Plass also cross-references this section to Luther's comments on the papacy. Luther's scathing comments on the papacy go on for a number of pages. For instance:

3238 "Come Out of Her, My People" (Rev. 18:4)Can anything more horrible be said than that the kingdom of the papists is the kingdom of those who spit at Christ, the Son of God, and crucify Him anew? For they do crucify Christ... in themselves, in the church, and in the hearts of the faithful. ...Therefore let everyone who is honestly given to piety flee out of this Babylon as quickly as possible, and let him tremble at the very name of the papacy. For so great are its impiety and its abomination that no one can express them in words; they can be discerned only by eyes that are spiritual."

I actually posted a similar blog article on this topic a few years back: Luther: The Infallible Church Declared The Contents of Scripture?
Luther's opinion appears to be in part that since the Roman Church was given the Scriptures, Sacraments, etc., that in that sense it is a Christan church (see also his reasoning above). However, these elements functions quite independently from the Roman magisterium. No analogy is perfect, but if I had to describe Luther's position I would do so like this: The Roman church is like a pristine ship that's been commandeered by pirates. The ship still functions, but it's crew is in bondage to her captors. Perhaps some of the crew mutinies and joins the pirates. Others though, maintain allegiance to her rightful captain.

Since Rome officially anathematized the Gospel at Trent, I don't consider her part of the Catholic Church. The debate on this amongst the reformed still goes on. In fact, it was debated by James White and Douglas Wilson: Are Roman Catholics Our Brothers and Sisters in Christ? . Here would be a good example of something I part company with Luther on, and even many of my Reformed friends. I don't think the papacy can be extracted from the Church of Rome and still have the term "Church of Rome"make sense. Ironically, I would argue similarly as Luther did, that even though the Israelites were given such things like the oracles of God (Romans 3:1-4), their rejection of Christ cuts them off from the church. In the same way, a rejection of the Gospel by the Roman Church cuts them off from the church (Galatians 1:8-9).

The contexts of the Luther quotes above cited by Plass from W 47, 425 are scheduled to be translated into English in a forthcoming volume of Luther' Works [4.9 Matth. 18-24 in Predigten ausgelegt / Sermons on Matthew 18-24 (1537-1540). Aland 477.WA 47:232-627]. The quotes appear to be from an exposition of Matthew 21.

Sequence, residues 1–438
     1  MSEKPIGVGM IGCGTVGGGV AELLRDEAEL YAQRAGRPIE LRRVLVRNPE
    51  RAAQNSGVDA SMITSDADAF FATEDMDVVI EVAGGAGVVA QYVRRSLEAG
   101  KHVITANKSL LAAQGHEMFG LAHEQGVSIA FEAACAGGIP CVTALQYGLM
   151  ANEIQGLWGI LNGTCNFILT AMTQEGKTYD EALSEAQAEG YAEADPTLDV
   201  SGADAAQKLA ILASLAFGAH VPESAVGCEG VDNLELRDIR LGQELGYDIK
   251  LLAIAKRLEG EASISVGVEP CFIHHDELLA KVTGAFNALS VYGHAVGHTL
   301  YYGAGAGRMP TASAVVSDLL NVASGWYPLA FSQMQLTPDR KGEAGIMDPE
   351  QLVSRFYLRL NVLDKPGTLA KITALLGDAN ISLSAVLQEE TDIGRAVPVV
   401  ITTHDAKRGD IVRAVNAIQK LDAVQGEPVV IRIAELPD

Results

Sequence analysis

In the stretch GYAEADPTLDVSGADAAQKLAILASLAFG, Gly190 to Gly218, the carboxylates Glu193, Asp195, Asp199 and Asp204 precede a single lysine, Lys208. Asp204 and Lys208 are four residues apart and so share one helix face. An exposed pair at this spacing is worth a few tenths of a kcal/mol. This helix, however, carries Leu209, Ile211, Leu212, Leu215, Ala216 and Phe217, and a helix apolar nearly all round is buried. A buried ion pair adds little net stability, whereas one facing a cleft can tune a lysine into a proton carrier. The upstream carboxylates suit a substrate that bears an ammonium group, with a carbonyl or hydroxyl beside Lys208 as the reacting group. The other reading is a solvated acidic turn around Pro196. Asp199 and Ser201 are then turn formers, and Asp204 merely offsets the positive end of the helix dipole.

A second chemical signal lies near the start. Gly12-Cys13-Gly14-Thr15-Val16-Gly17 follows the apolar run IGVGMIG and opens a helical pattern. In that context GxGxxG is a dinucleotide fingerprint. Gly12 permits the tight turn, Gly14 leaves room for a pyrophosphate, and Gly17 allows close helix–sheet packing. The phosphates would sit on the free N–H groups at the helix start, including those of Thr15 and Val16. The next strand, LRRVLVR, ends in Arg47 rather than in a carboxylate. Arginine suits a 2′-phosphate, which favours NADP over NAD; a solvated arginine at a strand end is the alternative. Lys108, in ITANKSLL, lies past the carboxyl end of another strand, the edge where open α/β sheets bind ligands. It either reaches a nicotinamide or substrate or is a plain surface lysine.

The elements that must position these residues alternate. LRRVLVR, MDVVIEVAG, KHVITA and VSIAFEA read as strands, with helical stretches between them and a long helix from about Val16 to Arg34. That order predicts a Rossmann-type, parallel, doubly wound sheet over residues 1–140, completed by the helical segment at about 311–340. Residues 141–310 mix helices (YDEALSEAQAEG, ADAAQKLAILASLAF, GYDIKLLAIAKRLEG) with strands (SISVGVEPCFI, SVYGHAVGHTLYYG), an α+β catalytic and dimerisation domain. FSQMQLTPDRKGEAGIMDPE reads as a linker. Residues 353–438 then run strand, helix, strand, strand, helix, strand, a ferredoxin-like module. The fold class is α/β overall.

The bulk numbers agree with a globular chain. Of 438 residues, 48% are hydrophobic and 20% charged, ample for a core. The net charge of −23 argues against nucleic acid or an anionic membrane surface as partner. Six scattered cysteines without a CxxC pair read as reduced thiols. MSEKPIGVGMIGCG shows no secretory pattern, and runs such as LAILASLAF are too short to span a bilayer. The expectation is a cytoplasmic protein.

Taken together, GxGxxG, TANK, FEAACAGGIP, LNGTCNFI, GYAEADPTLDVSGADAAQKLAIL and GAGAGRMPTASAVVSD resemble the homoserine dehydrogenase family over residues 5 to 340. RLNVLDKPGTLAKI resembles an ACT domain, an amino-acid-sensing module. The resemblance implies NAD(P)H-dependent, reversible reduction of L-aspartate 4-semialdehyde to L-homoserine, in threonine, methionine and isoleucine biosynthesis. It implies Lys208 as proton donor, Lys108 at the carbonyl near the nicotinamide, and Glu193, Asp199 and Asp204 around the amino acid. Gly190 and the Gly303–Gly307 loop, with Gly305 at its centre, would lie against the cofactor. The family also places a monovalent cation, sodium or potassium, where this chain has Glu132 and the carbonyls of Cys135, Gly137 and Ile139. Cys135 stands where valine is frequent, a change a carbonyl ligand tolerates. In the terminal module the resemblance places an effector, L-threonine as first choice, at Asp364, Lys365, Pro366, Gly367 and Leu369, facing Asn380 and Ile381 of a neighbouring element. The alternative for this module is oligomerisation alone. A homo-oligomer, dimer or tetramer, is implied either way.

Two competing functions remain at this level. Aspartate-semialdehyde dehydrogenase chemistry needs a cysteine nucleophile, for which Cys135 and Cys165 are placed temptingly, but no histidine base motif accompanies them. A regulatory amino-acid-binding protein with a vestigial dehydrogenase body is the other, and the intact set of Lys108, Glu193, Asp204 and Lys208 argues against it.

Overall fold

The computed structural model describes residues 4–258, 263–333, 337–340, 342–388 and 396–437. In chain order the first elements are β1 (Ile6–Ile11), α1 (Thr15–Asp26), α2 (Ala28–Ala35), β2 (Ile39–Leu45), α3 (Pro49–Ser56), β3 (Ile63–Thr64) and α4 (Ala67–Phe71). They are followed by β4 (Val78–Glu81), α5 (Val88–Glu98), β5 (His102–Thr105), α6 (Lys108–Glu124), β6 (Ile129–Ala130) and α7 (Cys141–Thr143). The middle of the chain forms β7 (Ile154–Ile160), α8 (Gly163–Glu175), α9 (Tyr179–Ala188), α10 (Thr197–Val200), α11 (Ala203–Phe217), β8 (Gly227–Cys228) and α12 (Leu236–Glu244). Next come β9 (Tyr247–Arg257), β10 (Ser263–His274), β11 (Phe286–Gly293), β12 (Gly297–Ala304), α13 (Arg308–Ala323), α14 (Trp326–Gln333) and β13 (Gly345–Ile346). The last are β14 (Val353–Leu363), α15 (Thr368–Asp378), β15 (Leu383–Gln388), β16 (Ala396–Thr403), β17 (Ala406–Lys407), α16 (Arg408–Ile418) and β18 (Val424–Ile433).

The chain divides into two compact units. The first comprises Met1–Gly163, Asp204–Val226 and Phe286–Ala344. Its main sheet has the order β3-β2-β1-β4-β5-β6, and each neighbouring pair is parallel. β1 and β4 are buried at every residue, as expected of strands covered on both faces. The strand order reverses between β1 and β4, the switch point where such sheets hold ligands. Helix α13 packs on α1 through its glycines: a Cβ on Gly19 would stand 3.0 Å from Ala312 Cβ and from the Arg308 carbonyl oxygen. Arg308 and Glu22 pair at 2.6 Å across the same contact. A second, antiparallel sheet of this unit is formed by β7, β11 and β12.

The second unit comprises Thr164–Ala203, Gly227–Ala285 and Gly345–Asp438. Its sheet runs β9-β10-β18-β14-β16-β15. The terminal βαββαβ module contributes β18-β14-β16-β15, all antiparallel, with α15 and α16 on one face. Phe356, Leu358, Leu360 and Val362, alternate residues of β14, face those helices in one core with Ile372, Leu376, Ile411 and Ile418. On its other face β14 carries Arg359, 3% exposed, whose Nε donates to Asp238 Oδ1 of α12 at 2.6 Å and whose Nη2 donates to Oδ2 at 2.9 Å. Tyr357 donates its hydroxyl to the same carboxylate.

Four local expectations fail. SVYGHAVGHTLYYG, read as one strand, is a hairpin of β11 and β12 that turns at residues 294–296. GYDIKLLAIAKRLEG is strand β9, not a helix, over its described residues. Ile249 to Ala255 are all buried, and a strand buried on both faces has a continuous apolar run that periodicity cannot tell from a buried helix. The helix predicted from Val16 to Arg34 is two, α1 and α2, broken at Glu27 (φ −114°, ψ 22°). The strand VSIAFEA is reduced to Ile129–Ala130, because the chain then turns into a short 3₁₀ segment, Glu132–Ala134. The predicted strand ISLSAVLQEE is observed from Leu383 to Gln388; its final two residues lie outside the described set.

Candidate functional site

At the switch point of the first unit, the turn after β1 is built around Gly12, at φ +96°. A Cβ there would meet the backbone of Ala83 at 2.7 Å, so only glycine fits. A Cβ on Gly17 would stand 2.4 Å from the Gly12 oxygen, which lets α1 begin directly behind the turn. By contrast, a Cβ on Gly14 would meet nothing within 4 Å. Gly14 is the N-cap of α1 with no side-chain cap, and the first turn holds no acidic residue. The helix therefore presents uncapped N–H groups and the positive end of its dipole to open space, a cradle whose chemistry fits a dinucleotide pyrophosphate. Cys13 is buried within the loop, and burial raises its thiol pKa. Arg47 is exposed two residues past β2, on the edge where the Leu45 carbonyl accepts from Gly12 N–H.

Anonymous said...


Does your position lend support to those who say the "Roman Church" is as old as the "papacy" ? If it does, would that place the papacy near the origins of chistianity ?

I think this would create difficulty for Catholics (not Roman) in ascertaining the time when the Roman Church rejected Christ. In the case of apostate Jews, scripture helps determine the time.

Ben said...
This comment has been removed by the author.
Edward Reiss said...

Ben M,

I checked your post, and frankly it consisted of little more than vigorous assertion coupled with selected quotes from "the" Fathers. In my experience, those who throw around "the"Fathers as if they are a theologically coherent whole that happens to agree with your POV. Unfortunately, things are much more complicated than that.

To illustrate this, just watch an EO and RC go at it about the papacy, or whether grace is an uncreated energy of God or a created accident infused into our nature.

Now, getting back to the main topic, the problem is that the RCs in question assume RC Hierarchy=Church, which is not the Lutheran view. So, if luther "approves" of the Church, he approves of the hierarchy. While he doe smention the "offices given by Christ" h does not mean the hierarchy, but the actual ministers at the churches. The Lutheran view is that the Church is gathered around the Gospel. So, even though the papacy obscures the Gospel, they still have Baptism and Holy Communion, and even teach the Gospel on occasion. In that sense they are "church", but not in the RC sense.

I do not think Luther was giving a plenary blessing on the RCC, nor do Lutherans. To say otherwise seems to take his remarks out of context, in an historical as well as theological sense.

James Swan said...

Does your position lend support to those who say the "Roman Church" is as old as the "papacy" ?

The Roman Church predates the papacy. It even predates Peter going there, if he actually did. And, the Papacy is result of development, at least according to some Roman Catholics.

Ben said...
This comment has been removed by the author.
James Swan said...


Your comments are not relevant to the blog post. Perhaps you can comment on the Luther quote used by Mr. Waltz, and if he accurately cited it, or if he left out important qualifiers.